I have the following equation in $\mathbb{R}^2$,

$ \partial_t u(x,t) - \Delta u(x,t) = \delta_0, $

with $u(x,0) = 0.$

I received this equation and I instantly got suspicious. I have tried to prove that anything that satisfies the PDE will have a singularity in 0 at all times, implying that actually there isn't a solution for this initial data.

My intuition comes from the fact that if a Dirac delta arises from differentiating, it should arise in at least one of the derivatives. If it there is one on the time derivative, it would mean that the solution is discontinuous in time, and this seems highly unlikely. In the case of the space derivatives, I think it should look like the Green function of the Laplacian (the steady state actually IS), which is singular at 0.

I have tried reducing to dimension 1 and obtaining an explicit solution by means of Fourier transform, and the solution gets so unmanageable that I abandoned that path.

Do you have any clues on this?

  • $\begingroup$ Do you mean $\delta_0(x)$ or $\delta_0(x) \delta(t)$? $\endgroup$ – Ian Sep 1 '17 at 15:27

A solution exists indeed. Let us define the operator $L = -\Delta$ and rewrite the heat equation with source $f$ as $$ \nabla_t u + L[u] = f$$ with initial conditions $u(x,0)=0$

A formal solution can be written in terms of exponential operator as $$ u = \int_0 ^t e^{-(t-s)L } [f(s)] \mathrm{d}s$$ where the operator $e^{-tL}$ is given by an integral operator having the Green's function as kernel $$ G[f] = \int_{R^n} G(x, \eta) f(\eta) \mathrm{d} \eta$$

Now we specialise the $f$ to a Dirac delta and using its "chief"property under integration, find the solution $$ u(x,t) \int_0 ^t G(x, t-s) \mathrm{d}s$$ and further, as $$ G = \frac{1}{(4 \pi t)^{\frac{n}{2}}} e^{-\frac{x^2}{4t}}$$ the solution $$ u(x,t) =\frac{1}{(4 \pi t)^{\frac{n}{2}}} \int_0 ^t \frac{e^{-\frac{x^2}{4t}}}{s^{\frac{n}{2}}} \mathrm{d}s$$ is recovered, which I believe might be further simplified by using the Gamma function, if one needs to do thermal calculations. The main point is that by all means, a solution (of relevant practical importance, for what matters) exists.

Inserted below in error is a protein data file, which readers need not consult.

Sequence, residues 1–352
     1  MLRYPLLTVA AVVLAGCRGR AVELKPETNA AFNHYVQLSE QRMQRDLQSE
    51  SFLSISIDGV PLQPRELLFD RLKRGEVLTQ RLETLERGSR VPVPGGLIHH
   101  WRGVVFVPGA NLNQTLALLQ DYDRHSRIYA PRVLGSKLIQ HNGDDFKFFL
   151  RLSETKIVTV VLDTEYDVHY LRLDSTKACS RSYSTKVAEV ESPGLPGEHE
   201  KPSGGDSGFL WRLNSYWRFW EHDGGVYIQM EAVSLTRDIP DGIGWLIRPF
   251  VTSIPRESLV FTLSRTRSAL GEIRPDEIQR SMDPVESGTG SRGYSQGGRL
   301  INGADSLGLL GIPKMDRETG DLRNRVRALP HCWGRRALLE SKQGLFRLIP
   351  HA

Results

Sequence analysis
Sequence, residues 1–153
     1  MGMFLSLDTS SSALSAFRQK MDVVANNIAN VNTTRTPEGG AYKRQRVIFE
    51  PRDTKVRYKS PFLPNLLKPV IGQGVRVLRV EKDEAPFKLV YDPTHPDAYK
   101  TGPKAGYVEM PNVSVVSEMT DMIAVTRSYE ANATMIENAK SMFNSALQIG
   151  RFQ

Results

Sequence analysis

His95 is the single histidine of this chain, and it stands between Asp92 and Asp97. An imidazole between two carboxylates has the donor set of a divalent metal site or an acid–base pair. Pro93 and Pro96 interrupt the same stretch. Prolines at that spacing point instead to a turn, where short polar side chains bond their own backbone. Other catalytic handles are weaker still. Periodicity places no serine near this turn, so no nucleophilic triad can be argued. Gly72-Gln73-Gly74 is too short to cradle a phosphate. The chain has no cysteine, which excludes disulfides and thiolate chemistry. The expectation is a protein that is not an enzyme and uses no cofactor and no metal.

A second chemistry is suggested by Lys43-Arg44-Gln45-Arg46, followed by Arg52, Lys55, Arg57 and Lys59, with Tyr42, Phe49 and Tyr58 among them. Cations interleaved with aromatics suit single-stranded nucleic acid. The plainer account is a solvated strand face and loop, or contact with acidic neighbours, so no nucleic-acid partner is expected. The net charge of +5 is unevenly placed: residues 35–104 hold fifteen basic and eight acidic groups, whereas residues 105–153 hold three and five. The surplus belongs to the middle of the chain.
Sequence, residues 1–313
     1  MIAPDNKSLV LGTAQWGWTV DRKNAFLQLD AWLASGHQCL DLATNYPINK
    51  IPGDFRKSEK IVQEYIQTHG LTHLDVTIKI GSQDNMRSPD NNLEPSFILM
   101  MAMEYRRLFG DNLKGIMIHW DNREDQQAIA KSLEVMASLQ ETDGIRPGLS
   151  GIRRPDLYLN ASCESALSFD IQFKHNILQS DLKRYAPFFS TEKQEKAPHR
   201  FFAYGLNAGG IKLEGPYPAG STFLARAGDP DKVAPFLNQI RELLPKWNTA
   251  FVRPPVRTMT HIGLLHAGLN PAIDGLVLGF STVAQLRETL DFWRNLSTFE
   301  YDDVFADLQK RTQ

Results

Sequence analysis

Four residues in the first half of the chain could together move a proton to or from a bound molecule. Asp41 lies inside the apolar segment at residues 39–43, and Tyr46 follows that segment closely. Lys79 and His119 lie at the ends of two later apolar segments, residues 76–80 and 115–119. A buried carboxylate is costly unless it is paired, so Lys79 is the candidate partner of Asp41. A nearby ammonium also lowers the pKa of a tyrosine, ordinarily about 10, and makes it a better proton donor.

There are other notable PDEs with Dirac deltas as sources, if you wish to further challenge your intuition: another example of remarkable technical interest is the Kelvin problem, the PDE describing the displacements in an infinite elastic body subject to a point force. Also very interesting and intuition challenging is the case of a point force on an elastic half-plane, https://en.wikipedia.org/wiki/Flamant_solution, as displacements are unbounded.

  • $\begingroup$ Thank you for your reply ! Now I got it. There are several things to correct in this answer (if anyone in the future comes here). 1) The operator $e^{-t\Delta}$ is the green function of the Heat Equation (when writting it just afterwards, there is a missing time dependence that confuses a bit). 2) "=" sign missing in the following equation. 3) The solution I believe is wrongfully written, it should be $u(x,t) = \int_0^t e^{-x^2/4s}/(4\pi s)^{n/2} ds$ $\endgroup$ – pancho Sep 2 '17 at 10:53
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    $\begingroup$ I am glad the answer was useful. I will edit the points you rightfully mentioned as soon as I get access to a decently sized screen, but please do not hesitate to edit them yourself as you please if you so wish, $\endgroup$ – An aedonist Sep 2 '17 at 11:53

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